Google joins battle for soul of the Internet with Google Plus
Google launched a limited beta of their new social networking service last week, and was quickly overwhelmed with traffic as eager alpha geeks rushed to find something, anything that would liberate them from Facebook.
Love it or hate it, Facebook has now become the Internet. It’s the most popular site in the world, a one-stop shop for personal messaging, public discussion, political activism and link swapping worldwide.
Google’s new service is called Google Plus, and if you followed Google’s previous attempts at social networking, I won’t blame you for being skeptical. Google Buzz was a disaster and Google Wave broke my heart. Google Plus is starting with a better design philosophy than Facebook did, but even if they do everything right, it’s going to be an uphill battle all the way.
The Internet is basically entering its third evolution now, as expectations become more complex and the last few stragglers make it part of their daily lives.
Phase One was just about finding stuff. In the early days, Yahoo could fit the whole Internet in a series of link lists. Early users jumped on the Internet to find news, trade tech articles, and fight with a self-selected group of early adopters on Usenet.
Phase Two was about sharing stuff. Google made search engines reliable and fast, so the Internet became more about connecting with people and sharing links with friends.
Google won the battle for Phase One and Facebook won the battle for Phase Two.
Now we come to Phase Three. We know how to search and we know how to share, but now we’ve got so much crap coming at us 24 hours a day, even moderate users are drowning in status updates. We’ve got so many “friends” interacting with us in so many different contexts, we can’t just lump them all into one stream anymore.
Phase Two was about making connections. Phase Three will be about managing them.
Google Plus is built around the concept of Circles. Every friend you add to the service must be added to a circle. Plus starts with a set of recommended categories: Friends, Family and Acquaintances. Most people will immediately add a circle for work, then they’ll make a circle for “Super Friends” – the eight or nine people in the world they can share everything with.
This is the function I’ve been waiting for, the function I’ve been screaming about in this column for the past two years.
Facebook is great but modern people don’t just have one face. I follow about 300 people on Facebook and each one of those people follows me for a different reason. Some of them like the columns, some of them like my political rants, some of them knew me in high school, and some of them have known me all my life.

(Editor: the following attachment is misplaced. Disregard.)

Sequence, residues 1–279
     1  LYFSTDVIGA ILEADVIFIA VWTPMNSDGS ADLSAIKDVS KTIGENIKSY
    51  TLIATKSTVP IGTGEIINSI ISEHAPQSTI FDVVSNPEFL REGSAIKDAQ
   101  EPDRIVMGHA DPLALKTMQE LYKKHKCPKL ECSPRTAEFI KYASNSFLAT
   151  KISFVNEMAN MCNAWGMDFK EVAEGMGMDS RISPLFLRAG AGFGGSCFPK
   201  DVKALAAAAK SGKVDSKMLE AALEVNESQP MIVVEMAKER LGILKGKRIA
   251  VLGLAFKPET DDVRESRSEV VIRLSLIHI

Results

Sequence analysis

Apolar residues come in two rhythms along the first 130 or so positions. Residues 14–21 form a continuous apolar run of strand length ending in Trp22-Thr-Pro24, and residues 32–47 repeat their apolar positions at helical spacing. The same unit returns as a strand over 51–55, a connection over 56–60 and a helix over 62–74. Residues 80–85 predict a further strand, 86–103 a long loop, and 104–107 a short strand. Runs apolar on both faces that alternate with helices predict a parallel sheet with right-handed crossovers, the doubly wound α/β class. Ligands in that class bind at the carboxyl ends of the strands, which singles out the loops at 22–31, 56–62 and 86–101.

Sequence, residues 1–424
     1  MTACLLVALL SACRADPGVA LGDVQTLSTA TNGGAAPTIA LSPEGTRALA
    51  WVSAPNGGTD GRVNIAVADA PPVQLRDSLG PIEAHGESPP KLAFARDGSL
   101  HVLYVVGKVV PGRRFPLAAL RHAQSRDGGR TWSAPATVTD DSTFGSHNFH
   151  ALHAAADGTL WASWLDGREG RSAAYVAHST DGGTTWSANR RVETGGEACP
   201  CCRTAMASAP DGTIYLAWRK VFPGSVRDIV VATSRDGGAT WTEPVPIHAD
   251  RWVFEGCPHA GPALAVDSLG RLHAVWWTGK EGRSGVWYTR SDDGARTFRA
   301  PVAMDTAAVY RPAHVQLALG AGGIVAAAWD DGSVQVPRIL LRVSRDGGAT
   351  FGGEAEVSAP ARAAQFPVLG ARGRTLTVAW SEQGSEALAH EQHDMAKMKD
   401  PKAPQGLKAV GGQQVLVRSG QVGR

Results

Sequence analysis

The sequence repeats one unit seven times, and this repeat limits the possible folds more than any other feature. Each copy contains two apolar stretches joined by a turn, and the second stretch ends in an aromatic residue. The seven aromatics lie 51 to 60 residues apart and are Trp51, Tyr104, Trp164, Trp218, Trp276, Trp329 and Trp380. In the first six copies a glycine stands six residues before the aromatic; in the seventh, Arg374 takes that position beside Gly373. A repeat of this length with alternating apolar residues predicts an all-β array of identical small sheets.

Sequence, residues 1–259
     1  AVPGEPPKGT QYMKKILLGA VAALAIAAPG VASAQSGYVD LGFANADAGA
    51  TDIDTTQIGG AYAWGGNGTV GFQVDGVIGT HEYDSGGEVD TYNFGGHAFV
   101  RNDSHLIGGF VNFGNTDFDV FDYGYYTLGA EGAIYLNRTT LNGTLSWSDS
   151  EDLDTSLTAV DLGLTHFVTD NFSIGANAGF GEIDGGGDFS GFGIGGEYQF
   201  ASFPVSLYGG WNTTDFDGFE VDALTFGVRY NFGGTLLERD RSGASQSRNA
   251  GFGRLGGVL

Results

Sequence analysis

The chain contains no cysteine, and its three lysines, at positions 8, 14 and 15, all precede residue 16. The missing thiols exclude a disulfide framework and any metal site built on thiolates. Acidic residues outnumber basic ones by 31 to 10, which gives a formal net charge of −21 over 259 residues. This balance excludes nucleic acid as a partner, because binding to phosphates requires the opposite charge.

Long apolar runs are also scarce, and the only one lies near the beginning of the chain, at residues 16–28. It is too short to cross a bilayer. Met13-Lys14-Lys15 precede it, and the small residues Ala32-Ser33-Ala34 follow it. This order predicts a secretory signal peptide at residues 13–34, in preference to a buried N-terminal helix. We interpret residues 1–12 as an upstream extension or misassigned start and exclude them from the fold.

But the people who like the columns don’t necessarily care about politics, and the people who knew me in high school don’t necessarily like what I write. I always feel a little guilty when I post to Facebook because I know any post that appeals to ten people is likely to annoy ten others.
With Google Plus I get to make the choice, and since everybody else is free to make their own categories, too, they can choose what box to put me in. This concept is so simple, I can’t believe Facebook has botched it so badly. Facebook has lists and sharing restrictions but they’re almost impossible to use.
Human interaction occurs in context, but Facebook’s one-stream-fits-all approach encourages people to ignore that context, leading to embarrassing, even disastrous consequences. The people who follow my column are nice, but they don’t need to see status updates when I go on vacation.
My friends love me, but they don’t all agree with my politics. A link that would be catnip for economics nerds might seem boring or even insulting to them. Forcing your political opinions on strangers isn’t just rude; it’s dangerous.
Interactions in the workplace occur in a very specific social context. It was bad enough when all we had to worry about was offending people, but now the things you share at work may be a violation of federal law. In this climate you’re not just protecting yourself when you segregate your social networks, you’re protecting your boss and your co-workers from things they really don’t want to know.
Google and Facebook have just entered into a steel-cage death match for the soul of the Internet. Can Google Plus gain market share before Facebook copies their best feature? My instincts say no. I think it will be easier for Facebook to add Circles than it will be for Google to steal its users.
I think we’re up against the Grandma Factor. Facebook has become so ubiquitous, even Grandma is using it. Will parents and grandparents be willing to follow their kids to a new platform?
I’m guessing no, but maybe that’s a Plus for you.